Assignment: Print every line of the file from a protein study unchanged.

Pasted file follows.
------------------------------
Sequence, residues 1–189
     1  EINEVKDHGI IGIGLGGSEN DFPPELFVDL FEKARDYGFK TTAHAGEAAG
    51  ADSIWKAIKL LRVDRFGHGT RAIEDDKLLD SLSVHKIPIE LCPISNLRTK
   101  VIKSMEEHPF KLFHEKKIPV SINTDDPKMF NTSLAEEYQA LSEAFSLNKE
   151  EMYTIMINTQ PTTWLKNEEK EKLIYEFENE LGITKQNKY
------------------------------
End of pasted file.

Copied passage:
Sequence, residues 1–189
     1  EINEVKDHGI IGIGLGGSEN DFPPELFVDL FEKARDYGFK TTAHAGEAAG
    51  ADSIWKAIKL LRVDRFGHGT RAIEDDKLLD SLSVHKIPIE LCPISNLRTK
   101  VIKSMEEHPF KLFHEKKIPV SINTDDPKMF NTSLAEEYQA LSEAFSLNKE
   151  EMYTIMINTQ PTTWLKNEEK EKLIYEFENE LGITKQNKY